Three Ways You Can Invest Your Tax Rebate
by Carlisle Homes
Saving for a home deposit? Investing your tax rebate could help. Here’s how.
If you’ve done your tax return for the last financial year, you can probably expect a nice reward. Around 80% of Australians receive a tax refund, and the average amount is a substantial $2,800. But what will you do with it? If you’re saving for a home deposit, you can get there faster if you invest your tax rebate. Forgo the spending spree and try one of these options instead.
1. Pay it into super
Would-be first home buyers can save faster using the First Home Super Saver (FHSS) scheme. Introduced in 2017, the scheme lets you save money within your super fund, which you can then withdraw to use as a deposit on your first home. You get all the concessional tax advantages of superannuation without locking away your funds until retirement.
Under the FHSS scheme, you can make voluntary contributions to your super fund of up to $15,000 per financial year. The total you can withdraw is $30,000. For couples, that means you can withdraw up to $60,000 in total.
To release funds under the FHSS scheme, you need to first apply for a determination from the ATO. This effectively gives you the green light to go ahead and apply for a release of funds. You can only request a release of funds once, so you should aim to do so when you’re serious about buying a house; for example, when you’re applying for a home loan.
2. Pay down debt
Paying down consumer debt is the single most effective way to improve your financial situation. Consumer debt, such as credit cards and personal loans, usually have high interest rates. The money you pay in interest to service those debts far outweighs the benefit of keeping money in savings.
Additionally, lenders look at your debt levels when deciding how much you can borrow. They look at two things: your monthly commitments (which will include repayments to creditors) and your credit card limits.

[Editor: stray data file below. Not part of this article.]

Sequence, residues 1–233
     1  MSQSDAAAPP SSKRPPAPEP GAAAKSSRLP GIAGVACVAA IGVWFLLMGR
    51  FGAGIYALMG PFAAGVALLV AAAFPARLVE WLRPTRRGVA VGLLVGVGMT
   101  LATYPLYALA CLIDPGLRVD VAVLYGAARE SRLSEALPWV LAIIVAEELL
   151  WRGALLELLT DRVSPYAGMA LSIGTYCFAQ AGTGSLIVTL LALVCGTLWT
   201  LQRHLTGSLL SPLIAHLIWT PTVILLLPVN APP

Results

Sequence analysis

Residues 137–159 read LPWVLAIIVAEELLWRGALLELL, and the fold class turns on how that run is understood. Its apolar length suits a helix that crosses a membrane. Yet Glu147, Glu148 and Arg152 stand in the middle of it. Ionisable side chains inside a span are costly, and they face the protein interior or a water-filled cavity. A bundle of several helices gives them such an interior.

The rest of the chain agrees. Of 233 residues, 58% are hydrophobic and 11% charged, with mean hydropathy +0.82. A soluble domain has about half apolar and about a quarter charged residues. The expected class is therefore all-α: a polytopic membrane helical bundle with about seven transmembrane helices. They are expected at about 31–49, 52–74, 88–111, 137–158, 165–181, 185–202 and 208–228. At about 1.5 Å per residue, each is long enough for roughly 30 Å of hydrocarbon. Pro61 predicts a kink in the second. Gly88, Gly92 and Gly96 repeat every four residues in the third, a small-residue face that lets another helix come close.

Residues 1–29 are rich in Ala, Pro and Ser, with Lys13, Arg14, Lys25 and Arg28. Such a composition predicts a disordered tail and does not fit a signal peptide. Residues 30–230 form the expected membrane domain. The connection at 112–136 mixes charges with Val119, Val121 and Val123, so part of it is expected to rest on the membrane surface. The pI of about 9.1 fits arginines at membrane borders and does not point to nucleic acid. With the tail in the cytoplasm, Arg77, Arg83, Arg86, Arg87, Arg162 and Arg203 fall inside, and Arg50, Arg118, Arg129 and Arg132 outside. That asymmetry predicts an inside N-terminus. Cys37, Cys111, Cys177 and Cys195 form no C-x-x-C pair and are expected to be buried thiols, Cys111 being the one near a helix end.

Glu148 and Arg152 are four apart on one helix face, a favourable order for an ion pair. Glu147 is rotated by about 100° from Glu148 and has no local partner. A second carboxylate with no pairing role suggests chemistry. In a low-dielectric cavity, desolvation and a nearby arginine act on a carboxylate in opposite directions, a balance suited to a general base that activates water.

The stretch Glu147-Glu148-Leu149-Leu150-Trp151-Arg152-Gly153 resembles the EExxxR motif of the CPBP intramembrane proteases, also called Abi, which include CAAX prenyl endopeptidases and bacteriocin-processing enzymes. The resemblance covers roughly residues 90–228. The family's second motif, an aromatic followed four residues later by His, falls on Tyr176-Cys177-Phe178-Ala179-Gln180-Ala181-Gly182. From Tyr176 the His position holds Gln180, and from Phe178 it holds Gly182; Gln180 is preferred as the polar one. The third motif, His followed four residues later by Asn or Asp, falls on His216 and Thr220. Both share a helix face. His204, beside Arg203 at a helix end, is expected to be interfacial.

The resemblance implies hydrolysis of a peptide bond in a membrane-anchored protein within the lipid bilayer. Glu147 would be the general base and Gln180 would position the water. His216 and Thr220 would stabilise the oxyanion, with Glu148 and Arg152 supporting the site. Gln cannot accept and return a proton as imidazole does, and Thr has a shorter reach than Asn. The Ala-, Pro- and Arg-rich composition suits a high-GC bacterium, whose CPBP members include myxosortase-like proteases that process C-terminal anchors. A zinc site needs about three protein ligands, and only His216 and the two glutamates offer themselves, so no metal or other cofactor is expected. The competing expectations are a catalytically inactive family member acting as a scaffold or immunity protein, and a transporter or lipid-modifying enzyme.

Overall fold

By paying down any balances, you reduce your monthly outgoings and increase borrowing power. Lowering your monthly spending by just $200 a month can make a substantial difference. If you’re paying $1,000 a month in rent with discretionary spending of $800, you can borrow $426,000. Increase that discretionary spend to $1,000, because you don’t have to commit $200 to debt repayments, and your borrowing power soars to $474,000. Learn more and calculate how much you can borrow here.
A high credit card limit will also affect your borrowing power even if you pay off your balance in full every month, because lenders assess based on the worst-case scenario that you max out your cards. By getting rid of a credit card with a $10,000 limit, our $100,000 borrower can increase their loan by a huge $60,000
When you’re looking at your debt situation, don’t forget about ‘hidden’ debts. A car lease, ‘interest-free’ whitegoods, medical finance (for example, for orthodontics) and Afterpay are all debts that should be on your list. And while most of us don’t think of a HECS-HELP debt in the same category, lenders will take those into account as well.
3. Get smart with savings accounts
With the cash rate staying at rock bottom levels, savings accounts are the least effective way to maximise your cash. That said, they still have some advantages over other options. They’re ultra low-risk and you can access your funds immediately. If you don’t have any debts to pay off, this might just be the most practical approach after all.
If you do go this way, shop around for a good deal. Many institutions will offer higher ‘honeymoon’ rates in the first few months to entice you into banking with them. There are also several options with ‘conditional’ savings rates: if you deposit a certain amount into the account every month, you get bonus interest.
You can compare savings accounts at comparison websites such as Canstar to get you started.
Ready to buy and want to choose the house and land package that’s right for you? Call Carlisle on 1300 535 416.